National News

Tests Showed Children Were Exposed to Lead. The Official Response: Challenge the Tests

Posted November 18, 2018 6:11 p.m. EST

NEW YORK — Mikaila Bonaparte has spent her entire life under the roof of the New York City Housing Authority, the oldest and largest public housing system in the country, where as a toddler she nibbled on paint chips that flaked to the floor. In summer 2016, when she was not quite 3 years old, a test by her doctor showed she had lead in her blood at levels rarely seen in modern New York.

A retest two days later revealed an even higher level, one more commonly found in factory or construction workers and, in some cases, enough to cause irreversible brain damage.

Within two weeks, a city health inspector visited the two Brooklyn public housing apartments where Mikaila spent her time — her mother’s in the Tompkins Houses; her grandmother’s in the Gowanus Houses — to look for the source of the lead exposure, records show. The inspector, wielding a hand-held device that can detect lead through multiple layers of paint, found the dangerous heavy metal in both homes. The Health Department ordered the Housing Authority to fix the problems.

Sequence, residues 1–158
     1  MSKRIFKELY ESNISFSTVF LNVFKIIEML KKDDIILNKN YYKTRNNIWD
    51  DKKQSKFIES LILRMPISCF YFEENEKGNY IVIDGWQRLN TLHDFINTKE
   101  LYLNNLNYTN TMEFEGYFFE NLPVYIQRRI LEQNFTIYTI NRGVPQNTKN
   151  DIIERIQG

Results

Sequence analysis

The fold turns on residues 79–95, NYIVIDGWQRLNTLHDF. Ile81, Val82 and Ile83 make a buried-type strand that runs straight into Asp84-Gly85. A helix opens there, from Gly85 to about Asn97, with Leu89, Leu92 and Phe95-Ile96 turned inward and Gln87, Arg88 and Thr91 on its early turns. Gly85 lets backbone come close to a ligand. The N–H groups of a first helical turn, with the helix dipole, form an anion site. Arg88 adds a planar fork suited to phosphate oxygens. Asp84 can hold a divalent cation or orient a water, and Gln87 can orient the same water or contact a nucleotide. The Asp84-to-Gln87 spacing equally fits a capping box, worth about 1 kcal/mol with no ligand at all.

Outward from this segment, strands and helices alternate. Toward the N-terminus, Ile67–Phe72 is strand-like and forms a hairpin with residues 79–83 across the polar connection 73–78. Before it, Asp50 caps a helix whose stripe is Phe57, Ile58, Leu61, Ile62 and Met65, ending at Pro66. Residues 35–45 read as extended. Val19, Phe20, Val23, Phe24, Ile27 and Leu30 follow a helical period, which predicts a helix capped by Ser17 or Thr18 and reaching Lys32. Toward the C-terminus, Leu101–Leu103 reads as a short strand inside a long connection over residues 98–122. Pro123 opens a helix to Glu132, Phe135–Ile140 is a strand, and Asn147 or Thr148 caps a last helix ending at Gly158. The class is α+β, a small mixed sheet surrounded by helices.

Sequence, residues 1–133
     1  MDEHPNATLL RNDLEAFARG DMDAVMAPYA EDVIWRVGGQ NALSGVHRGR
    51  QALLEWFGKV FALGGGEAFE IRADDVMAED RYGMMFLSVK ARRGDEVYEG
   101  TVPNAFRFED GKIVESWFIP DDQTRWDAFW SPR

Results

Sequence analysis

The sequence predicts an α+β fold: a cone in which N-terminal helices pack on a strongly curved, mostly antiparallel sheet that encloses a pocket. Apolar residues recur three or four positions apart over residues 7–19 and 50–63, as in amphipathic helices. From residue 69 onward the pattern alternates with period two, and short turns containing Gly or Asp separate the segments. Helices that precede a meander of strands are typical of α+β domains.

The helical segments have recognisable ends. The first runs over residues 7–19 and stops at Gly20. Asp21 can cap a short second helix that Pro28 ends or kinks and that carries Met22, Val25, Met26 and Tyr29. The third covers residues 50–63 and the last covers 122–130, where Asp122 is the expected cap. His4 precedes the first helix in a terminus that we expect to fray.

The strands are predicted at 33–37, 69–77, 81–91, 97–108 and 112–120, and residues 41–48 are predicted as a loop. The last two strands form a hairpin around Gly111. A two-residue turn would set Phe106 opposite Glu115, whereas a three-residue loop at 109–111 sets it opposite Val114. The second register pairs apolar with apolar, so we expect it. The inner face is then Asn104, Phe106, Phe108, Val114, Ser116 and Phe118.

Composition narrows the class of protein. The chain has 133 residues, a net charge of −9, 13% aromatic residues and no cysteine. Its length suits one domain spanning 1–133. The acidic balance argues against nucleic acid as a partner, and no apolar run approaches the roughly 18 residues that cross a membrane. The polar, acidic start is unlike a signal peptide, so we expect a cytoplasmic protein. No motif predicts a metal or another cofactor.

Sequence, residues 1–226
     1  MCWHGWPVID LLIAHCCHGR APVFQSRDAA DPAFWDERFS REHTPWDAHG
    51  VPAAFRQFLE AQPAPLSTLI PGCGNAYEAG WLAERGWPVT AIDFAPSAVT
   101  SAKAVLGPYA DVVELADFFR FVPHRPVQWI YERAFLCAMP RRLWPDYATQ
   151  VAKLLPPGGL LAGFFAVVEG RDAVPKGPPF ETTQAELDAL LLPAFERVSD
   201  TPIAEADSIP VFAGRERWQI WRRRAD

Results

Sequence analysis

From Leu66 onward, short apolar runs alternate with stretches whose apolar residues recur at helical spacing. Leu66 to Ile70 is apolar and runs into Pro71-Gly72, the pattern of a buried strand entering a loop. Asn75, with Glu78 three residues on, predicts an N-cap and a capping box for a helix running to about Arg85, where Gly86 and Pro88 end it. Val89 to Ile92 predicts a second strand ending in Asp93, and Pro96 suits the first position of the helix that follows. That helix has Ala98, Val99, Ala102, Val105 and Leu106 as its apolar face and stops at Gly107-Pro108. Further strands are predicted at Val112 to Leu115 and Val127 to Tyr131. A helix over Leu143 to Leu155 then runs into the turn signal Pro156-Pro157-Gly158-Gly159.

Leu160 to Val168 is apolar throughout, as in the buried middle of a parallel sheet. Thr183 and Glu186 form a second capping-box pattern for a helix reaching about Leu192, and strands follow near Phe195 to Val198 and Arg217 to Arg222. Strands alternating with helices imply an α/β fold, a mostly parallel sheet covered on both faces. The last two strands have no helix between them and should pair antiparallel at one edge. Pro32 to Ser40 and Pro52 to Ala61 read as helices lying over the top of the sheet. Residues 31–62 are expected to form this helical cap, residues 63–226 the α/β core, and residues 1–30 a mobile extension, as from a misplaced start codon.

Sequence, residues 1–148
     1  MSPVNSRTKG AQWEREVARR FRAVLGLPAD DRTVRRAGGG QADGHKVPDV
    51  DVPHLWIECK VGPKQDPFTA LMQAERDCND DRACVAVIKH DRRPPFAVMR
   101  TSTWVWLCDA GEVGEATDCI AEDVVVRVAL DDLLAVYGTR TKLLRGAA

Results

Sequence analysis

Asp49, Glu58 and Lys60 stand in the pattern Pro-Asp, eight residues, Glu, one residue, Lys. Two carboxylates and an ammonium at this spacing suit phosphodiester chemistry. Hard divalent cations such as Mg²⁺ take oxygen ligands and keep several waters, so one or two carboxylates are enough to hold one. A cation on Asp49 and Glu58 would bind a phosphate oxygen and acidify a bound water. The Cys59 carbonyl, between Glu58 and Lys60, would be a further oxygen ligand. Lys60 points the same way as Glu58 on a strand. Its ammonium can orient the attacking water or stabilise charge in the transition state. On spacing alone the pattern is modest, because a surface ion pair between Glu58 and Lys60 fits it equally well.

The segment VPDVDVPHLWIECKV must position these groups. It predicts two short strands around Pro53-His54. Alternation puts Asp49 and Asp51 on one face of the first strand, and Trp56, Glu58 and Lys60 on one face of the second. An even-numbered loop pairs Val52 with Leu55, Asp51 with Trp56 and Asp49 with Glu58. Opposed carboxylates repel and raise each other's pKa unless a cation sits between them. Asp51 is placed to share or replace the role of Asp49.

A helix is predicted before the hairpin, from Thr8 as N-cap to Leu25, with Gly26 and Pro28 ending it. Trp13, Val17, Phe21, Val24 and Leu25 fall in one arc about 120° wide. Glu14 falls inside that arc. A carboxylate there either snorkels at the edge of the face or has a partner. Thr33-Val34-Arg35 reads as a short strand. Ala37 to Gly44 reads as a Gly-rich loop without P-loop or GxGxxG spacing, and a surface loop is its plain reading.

The discovery spurred the Housing Authority to action: It challenged the results.

Rather than remove or cover the lead, the Housing Authority dispatched its own inspector who used a different test, documents show. The agency insisted that however Mikaila was poisoned, there was no lead in her apartments.

Entrusted as the landlord to 400,000 people, the Housing Authority has struggled for years to fulfill its mission amid a strangled budget and almost endemic political neglect. Last week, a judge suggested strongly that the federal government should take over the agency after an investigation found evidence of deep mismanagement, including that the Housing Authority failed to perform lead inspections and then falsely claimed it had. Six top executives lost their jobs amid the federal investigation; a complaint was filed in June.

But the authority did not just ignore the required lead inspections, The New York Times found.

For at least two decades, almost every time a child in its apartments tested positive for high lead levels, NYCHA launched a counteroffensive, city records show. From 2010 through July of this year, the agency challenged 95 percent of the orders it received from the Health Department to remove lead detected in NYCHA apartments.